Steven Mnuchin Grilled on ‘Avatar’ Tax Shelters at Senate Confirmation Hearing

Steven Mnuchin

Steven Mnuchin, the banking and hedge fund executive, and film financier who is President-elect Donald Trump’s nominee to be the next secretary of the treasury, was grilled by lawmakers over his investments, including his use of a Cayman Islands address as a tax shelter for his hedge fund.

Sen. Ron Wyden (D-Ore.), the ranking member of the Senate Finance Committee, claimed the Mnuchin sought to take advantage of a 0% tax rate by moving his hedge funds to the Cayman Islands, thereby shielding profits, including returns from “Avatar.” That is one of the movies that Mnuchin helped finance via his Dune Capital fund.

“It certainly wasn’t for ease of commute,” Wyden quipped about the Cayman Islands address.

But Mnuchin said that he “did not use a Cayman Islands entity in any case to avoid taxes for myself.” He said that the Cayman Island entities were set up “for non profits and pension funds who want to invest through offshore” means.

He told lawmakers that he was in favor of tax simplification, saying that it “makes no sense” that there were provisions in the law that encourage companies to set up the offshore addresses.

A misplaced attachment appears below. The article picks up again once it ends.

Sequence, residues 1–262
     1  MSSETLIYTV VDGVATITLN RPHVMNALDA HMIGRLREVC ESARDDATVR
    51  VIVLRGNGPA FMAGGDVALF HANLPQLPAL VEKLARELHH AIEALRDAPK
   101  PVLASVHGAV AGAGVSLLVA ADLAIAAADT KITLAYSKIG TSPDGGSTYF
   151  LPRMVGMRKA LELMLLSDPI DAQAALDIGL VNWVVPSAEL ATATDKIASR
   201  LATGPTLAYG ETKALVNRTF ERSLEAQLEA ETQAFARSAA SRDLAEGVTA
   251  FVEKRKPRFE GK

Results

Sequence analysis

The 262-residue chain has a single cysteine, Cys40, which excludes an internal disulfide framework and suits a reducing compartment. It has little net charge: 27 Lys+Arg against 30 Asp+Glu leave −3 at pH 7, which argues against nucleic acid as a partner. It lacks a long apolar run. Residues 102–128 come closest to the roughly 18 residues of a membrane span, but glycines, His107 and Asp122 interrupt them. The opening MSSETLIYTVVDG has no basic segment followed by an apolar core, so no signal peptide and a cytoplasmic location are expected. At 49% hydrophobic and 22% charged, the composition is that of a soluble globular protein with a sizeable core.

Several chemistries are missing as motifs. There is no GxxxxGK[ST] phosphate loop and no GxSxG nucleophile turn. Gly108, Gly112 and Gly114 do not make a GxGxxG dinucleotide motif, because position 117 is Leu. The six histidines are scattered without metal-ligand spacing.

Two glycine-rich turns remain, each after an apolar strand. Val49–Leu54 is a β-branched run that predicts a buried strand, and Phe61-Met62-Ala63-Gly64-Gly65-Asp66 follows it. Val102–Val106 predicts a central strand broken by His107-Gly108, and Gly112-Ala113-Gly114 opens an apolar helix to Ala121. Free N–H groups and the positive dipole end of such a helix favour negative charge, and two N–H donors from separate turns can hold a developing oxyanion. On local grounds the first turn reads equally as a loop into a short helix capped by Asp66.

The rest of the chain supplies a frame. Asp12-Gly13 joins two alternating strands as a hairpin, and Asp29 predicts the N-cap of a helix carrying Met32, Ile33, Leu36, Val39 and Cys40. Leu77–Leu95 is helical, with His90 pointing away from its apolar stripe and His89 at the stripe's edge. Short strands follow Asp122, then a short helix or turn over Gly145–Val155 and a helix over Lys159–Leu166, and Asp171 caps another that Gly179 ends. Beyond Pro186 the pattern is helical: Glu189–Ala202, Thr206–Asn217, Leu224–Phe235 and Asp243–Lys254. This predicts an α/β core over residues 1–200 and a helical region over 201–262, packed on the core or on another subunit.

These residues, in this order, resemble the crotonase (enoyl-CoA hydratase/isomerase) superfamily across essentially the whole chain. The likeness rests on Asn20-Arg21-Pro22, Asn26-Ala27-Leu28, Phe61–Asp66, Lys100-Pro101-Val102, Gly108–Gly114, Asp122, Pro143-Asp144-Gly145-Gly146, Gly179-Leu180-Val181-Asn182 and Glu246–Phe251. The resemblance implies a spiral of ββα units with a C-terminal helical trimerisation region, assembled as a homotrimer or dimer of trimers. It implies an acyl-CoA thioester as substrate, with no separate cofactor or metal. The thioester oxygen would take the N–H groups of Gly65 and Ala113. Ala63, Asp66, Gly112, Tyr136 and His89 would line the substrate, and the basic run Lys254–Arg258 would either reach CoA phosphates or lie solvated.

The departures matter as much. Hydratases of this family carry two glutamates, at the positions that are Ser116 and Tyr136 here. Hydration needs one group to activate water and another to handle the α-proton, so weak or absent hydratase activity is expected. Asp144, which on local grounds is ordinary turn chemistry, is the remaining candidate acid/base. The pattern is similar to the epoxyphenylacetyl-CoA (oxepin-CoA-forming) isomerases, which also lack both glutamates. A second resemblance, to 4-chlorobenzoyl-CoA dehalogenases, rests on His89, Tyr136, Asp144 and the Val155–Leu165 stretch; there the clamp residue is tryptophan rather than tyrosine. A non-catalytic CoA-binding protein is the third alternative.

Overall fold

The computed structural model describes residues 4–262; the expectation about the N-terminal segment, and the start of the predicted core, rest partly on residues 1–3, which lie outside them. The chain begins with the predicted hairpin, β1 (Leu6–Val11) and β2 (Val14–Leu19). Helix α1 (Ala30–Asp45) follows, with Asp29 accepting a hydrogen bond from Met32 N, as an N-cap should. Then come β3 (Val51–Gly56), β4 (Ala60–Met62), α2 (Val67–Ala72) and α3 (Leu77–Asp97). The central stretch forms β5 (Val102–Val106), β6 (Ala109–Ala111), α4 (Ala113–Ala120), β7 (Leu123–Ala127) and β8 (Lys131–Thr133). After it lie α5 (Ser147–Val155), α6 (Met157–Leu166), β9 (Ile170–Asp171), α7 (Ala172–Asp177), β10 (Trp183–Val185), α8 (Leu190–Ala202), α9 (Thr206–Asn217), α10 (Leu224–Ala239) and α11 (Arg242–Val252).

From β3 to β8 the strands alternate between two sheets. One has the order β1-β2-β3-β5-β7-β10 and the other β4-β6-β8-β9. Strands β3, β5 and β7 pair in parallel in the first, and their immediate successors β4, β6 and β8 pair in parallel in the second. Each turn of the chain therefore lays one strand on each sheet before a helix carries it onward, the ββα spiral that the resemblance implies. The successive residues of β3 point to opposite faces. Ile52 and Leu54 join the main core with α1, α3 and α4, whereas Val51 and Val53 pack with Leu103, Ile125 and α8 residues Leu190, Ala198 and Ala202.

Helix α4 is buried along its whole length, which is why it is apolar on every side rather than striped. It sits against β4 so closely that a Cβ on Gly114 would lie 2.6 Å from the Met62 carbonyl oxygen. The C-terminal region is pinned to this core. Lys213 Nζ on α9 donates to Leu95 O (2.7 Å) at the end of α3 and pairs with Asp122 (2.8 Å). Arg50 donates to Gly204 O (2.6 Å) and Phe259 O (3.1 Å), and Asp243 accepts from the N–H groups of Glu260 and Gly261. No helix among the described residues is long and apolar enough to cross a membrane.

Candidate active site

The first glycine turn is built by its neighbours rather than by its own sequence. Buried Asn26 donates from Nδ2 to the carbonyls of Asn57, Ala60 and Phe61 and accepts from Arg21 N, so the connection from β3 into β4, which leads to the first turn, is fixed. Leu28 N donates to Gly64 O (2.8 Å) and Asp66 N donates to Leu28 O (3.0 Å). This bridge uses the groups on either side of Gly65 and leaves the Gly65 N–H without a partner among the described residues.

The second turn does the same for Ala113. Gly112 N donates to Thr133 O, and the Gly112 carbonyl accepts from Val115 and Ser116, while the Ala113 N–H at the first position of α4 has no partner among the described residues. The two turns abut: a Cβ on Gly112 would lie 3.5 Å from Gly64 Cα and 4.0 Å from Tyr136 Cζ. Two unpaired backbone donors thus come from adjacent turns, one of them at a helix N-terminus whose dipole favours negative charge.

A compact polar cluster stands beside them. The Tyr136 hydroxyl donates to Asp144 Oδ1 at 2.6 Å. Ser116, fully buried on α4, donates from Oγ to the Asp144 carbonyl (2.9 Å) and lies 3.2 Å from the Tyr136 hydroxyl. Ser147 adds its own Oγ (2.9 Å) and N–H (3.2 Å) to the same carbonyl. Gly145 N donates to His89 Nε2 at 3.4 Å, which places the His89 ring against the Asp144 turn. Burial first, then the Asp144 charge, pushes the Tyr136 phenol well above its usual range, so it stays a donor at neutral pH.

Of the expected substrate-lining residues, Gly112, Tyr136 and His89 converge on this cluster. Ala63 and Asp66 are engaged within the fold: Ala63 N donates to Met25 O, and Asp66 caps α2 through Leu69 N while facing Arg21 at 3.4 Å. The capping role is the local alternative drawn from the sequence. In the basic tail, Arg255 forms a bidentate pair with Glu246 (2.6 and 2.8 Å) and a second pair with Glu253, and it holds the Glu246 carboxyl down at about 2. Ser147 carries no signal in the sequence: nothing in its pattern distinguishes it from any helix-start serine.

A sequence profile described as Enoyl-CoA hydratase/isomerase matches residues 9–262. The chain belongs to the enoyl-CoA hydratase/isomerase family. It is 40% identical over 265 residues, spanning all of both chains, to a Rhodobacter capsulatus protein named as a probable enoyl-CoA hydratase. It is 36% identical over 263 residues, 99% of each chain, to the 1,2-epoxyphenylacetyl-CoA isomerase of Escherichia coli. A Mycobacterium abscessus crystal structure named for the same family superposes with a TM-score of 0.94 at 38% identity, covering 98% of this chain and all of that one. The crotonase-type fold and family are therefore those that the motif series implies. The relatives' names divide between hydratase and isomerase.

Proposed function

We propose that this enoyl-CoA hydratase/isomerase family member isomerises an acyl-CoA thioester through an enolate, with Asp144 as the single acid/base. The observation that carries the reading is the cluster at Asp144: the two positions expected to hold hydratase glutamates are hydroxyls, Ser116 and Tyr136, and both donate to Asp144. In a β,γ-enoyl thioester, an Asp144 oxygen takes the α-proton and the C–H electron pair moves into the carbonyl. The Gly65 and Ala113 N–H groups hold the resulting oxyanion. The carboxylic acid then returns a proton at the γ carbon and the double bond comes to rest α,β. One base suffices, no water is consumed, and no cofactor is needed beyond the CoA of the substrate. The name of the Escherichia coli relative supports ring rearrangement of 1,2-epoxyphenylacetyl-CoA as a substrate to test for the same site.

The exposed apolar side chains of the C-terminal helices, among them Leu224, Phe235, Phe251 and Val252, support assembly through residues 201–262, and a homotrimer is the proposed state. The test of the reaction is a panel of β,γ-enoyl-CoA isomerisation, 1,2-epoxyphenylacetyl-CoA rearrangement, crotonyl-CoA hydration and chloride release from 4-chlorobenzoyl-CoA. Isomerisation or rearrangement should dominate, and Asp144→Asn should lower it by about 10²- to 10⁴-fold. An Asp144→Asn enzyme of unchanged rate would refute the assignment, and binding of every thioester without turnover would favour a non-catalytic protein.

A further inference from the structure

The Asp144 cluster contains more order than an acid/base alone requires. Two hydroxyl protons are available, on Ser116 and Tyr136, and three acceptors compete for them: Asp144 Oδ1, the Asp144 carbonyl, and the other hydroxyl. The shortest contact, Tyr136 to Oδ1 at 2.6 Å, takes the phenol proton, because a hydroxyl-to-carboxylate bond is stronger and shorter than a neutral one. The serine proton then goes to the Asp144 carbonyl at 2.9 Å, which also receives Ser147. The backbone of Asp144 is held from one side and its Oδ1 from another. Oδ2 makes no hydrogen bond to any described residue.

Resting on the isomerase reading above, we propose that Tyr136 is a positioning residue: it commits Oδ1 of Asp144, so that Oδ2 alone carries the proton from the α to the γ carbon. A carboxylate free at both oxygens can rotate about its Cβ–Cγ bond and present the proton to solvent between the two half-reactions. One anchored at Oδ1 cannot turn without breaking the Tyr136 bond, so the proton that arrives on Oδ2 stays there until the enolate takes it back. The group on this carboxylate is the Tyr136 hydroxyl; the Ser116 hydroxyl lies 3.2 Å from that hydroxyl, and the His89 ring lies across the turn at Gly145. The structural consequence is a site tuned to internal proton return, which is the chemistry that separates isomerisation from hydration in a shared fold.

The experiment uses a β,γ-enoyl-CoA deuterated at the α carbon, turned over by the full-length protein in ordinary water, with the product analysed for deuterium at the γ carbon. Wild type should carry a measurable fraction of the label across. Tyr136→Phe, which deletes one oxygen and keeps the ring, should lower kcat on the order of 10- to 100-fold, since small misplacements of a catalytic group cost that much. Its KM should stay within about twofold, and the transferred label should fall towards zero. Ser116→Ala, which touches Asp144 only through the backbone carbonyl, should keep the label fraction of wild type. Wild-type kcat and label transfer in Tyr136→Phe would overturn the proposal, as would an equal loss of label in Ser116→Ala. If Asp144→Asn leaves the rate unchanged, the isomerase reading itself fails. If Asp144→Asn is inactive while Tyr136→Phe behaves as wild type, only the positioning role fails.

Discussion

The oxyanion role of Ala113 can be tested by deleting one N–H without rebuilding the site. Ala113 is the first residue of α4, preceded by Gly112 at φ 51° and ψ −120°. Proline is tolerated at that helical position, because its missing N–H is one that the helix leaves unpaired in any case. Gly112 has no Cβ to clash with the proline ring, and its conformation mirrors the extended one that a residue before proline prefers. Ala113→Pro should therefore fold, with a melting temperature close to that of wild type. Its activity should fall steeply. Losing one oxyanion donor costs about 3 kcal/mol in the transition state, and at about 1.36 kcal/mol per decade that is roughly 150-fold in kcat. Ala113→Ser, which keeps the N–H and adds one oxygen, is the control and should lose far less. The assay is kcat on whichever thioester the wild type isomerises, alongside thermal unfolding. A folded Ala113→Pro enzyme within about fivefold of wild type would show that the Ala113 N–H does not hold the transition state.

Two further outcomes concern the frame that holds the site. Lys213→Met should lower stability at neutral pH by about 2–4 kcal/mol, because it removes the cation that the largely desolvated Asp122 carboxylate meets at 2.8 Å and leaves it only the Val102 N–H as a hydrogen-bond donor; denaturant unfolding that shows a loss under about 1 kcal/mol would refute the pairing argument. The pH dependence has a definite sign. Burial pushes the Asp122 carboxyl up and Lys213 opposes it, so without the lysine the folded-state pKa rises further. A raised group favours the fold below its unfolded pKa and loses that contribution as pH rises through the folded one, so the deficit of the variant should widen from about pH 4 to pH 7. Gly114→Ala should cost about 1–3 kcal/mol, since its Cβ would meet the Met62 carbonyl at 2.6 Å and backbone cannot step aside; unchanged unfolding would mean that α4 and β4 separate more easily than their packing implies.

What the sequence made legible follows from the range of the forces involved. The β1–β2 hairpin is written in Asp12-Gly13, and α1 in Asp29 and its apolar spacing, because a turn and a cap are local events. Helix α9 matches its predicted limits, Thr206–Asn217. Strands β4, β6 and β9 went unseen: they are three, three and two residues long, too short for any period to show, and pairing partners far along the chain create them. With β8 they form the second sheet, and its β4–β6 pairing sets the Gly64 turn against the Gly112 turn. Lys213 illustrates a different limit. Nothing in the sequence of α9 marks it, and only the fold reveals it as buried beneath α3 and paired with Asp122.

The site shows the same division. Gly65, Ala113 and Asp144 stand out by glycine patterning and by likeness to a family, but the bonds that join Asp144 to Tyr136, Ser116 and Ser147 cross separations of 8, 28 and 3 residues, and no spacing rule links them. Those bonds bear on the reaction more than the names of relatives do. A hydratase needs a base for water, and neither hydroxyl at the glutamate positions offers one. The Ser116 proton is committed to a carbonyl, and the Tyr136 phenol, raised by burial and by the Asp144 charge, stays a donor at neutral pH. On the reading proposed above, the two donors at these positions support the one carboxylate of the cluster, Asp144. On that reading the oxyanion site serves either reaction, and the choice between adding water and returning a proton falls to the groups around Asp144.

“These are all just set up to make the accountants rich,” he said.

He added, “I would support changing the tax laws to make sure that they are simpler and more effective.”

Sen. Robert Menendez (D-N.J.) asked if Mnuchin set up offshore entities to enable his clients to avoid paying taxes.

“This was done so different entities could invest. Sometimes it didn’t have anything do to with taxes,” Mnuchin said.

Sen. Sherrod Brown (D-Ohio) asked Mnuchin whether he had been question by law enforcement over his connections to Relativity Media. Mnuchin said he had not.

On Thursday, Brown sent a letter to FBI Director James Comey, asking the agency to disclose any findings they have discovered on Mnuchin and Relativity as part of an investigation of the film company, which declared bankruptcy in July, 2015. Mnuchin was a board member and co-chairman of Relativity until two months before the bankruptcy filing.

A watchdog group had issued a Freedom of Information Act request to the FBI seeking information on Mnuchin and Relativity. But the FOIA request was denied, according to Brown, with the reason given that the release of such information “would interfere with enforcement proceedings.”

“I have no idea why they didn’t approve the FOIA issue,” Mnuchin said.